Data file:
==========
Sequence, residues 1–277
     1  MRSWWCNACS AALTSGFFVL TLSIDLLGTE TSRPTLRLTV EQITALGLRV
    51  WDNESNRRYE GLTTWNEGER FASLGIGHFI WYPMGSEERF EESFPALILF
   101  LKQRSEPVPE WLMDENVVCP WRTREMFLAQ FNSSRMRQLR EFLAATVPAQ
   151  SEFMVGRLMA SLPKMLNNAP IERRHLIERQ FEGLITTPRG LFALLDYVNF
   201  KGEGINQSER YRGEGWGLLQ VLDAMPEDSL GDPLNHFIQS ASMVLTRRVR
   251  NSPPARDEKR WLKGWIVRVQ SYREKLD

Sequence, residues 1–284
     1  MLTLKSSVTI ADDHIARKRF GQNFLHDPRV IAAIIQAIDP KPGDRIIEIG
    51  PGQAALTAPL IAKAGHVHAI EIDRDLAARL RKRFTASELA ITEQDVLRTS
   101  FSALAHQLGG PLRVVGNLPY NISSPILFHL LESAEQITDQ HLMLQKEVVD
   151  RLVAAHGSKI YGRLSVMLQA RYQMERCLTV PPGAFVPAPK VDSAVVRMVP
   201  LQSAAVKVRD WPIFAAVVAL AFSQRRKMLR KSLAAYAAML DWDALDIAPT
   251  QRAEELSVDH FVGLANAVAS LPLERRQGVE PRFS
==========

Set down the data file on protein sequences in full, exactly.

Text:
Sequence, residues 1–277
     1  MRSWWCNACS AALTSGFFVL TLSIDLLGTE TSRPTLRLTV EQITALGLRV
    51  WDNESNRRYE GLTTWNEGER FASLGIGHFI WYPMGSEERF EESFPALILF
   101  LKQRSEPVPE WLMDENVVCP WRTREMFLAQ FNSSRMRQLR EFLAATVPAQ
   151  SEFMVGRLMA SLPKMLNNAP IERRHLIERQ FEGLITTPRG LFALLDYVNF
   201  KGEGINQSER YRGEGWGLLQ VLDAMPEDSL GDPLNHFIQS ASMVLTRRVR
   251  NSPPARDEKR WLKGWIVRVQ SYREKLD

Sequence, residues 1–284
     1  MLTLKSSVTI ADDHIARKRF GQNFLHDPRV IAAIIQAIDP KPGDRIIEIG
    51  PGQAALTAPL IAKAGHVHAI EIDRDLAARL RKRFTASELA ITEQDVLRTS
   101  FSALAHQLGG PLRVVGNLPY NISSPILFHL LESAEQITDQ HLMLQKEVVD
   151  RLVAAHGSKI YGRLSVMLQA RYQMERCLTV PPGAFVPAPK VDSAVVRMVP
   201  LQSAAVKVRD WPIFAAVVAL AFSQRRKMLR KSLAAYAAML DWDALDIAPT
   251  QRAEELSVDH FVGLANAVAS LPLERRQGVE PRFS